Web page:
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An embroidery studio, an art gallery, a Roberto Cavalli location—these were the past lives of the two floor space that’s now a burgeoning downtown department store called Club Vintage. But it was owner-designer Anna Gray’s turn to make the place feel like her own—along with the homewares and clothing from 46 vintage dealers.
Their curation of pre-loved home and fashion goodies from the 19th century to the Space Age draw you in the old glass-paned doors. In the front room, a rattan floor lamp is nestled next to a Bauhaus chrome tubular leather daybed. Alongside another wall sit cherry-red Henry Massonnet cocktail tables that host vases from the 1960s. And just like a home, Gray knew that with a few low-budget projects she could amp up the wow factor ever further.
“It’s always been in my nature to reconfigure my surroundings,” Gray says. “My parents took our house down to the studs and rebuilt it, so I grew up seeing that spatial change is possible and normal. Adding improvements or making holes in walls or painting are methods of self expression. So while a white box is nice, it can always be weirder—I’m pro ‘make spaces that are instantly recognizable.’”
A Fleet of Lantern Clouds
“Walking into the Noguchi Museum’s lantern-filled room feels surreal, meditative and just so perfectly peaceful, so I was like screw it, I want that feeling here too,” says Gray. Since having a real collection of Isamu Noguchi’s lights above a display area upstairs was not in her just-opened budget, she headed to New York’s Pearl River Mart to get a whole fleet of oversized rice paper pendants in various sizes, plus some string. “The whole project was roughly $60,” she notes.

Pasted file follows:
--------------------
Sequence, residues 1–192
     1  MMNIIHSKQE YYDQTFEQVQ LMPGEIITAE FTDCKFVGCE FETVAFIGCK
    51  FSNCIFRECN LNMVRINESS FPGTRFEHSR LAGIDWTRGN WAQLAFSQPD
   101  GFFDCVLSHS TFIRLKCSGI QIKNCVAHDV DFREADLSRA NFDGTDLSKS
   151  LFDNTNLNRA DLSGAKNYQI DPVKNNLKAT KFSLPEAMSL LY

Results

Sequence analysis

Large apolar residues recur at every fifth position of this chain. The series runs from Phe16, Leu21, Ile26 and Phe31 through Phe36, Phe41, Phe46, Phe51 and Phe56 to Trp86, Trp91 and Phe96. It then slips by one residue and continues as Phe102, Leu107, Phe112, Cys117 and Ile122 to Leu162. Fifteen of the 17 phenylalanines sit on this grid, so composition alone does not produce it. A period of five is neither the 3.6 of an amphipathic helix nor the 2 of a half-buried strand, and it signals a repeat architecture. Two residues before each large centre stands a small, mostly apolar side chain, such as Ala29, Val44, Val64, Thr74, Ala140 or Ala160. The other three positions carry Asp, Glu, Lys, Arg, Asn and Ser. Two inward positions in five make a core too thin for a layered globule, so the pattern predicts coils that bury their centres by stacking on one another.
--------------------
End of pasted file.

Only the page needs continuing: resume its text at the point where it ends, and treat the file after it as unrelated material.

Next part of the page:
With 15 hung from the rafters, she achieved a cloud effect that helps the second level standout from the first—without taking up any real estate. (The grouping would look just as good above a dining table, or even a crib.) Pro-tip: steer clear of cooler, fluorescent bulbs to lean into the warm and moody dream-like feel.
A Hardware Store Room Divider
If you are lucky enough to get your hands on a vintage 1950s Eames Plywood Privet, all the power to you. But Gray brought the look into her Club Vintage world for less with simply fabricated plywood from a local Home Depot. “My friend and person-of-all-trades Jonah Peterschild and I used a CNC machine to drill the hole size we wanted, but we could have just as readily used a circular hole saw attached to a drill,” she explains.
At home, it can delineate an open-concept room or hide your junk in a corner, but Gray went a step further to use hers to creatively hang clothes. “I worked in retail for a very long time and a neatly folded denim pile is not something people always love to sift through,” says Gray. “So to make shoppers ever-so-slightly more comfortable at Club Vintage, we hung them in an unconventional way.”
“With all the foot traffic in the front of the space, we couldn’t keep the all-white gallery floors due to tedious cleans,” says Gray. Her swap: a glossy, primary blue. “I was trying to get as close as I could to International Klein Blue and an ocean blue without having to go with a custom mix of paint as it wasn’t in budget.” She landed on Evening Blue by Benjamin Moore and used an epoxy finish. It’s most practical for withstanding heavy use, reflecting light, and looking top-notch in photographs—perhaps exactly what you need for your own entryway.
Maximized Microwave Shelves
One of Gray’s favorite items to repurpose in her own apartment is, believe it or not, restaurant-quality microwave shelves. “I have one as my entryway catchall where you toss your keys. They’re just beautiful aluminum shelves that easily screw into the wall with drywall anchors. They float, which I like a whole lot better than a proper console table because console tables visually and physically take up square footage.”. So of course, she purchased a few for the shop, too. At a foot deep, they currently display an assortment of quirky-cool Vada World sunglasses and vintage shoes.
“Walking down the aisles of Home Depot with Peterschild, I was like, ‘What are those?’” They were standing in front of rebar material coated in a shockingly nice shade of a green. “They’re actually made for pouring concrete flooring sometimes called rebar mesh,” Peterschild says, but together they cut out sections of squares and later hung them on the wall above a table and chair set. “It looks like art, but it cost me $30,” Gray adds.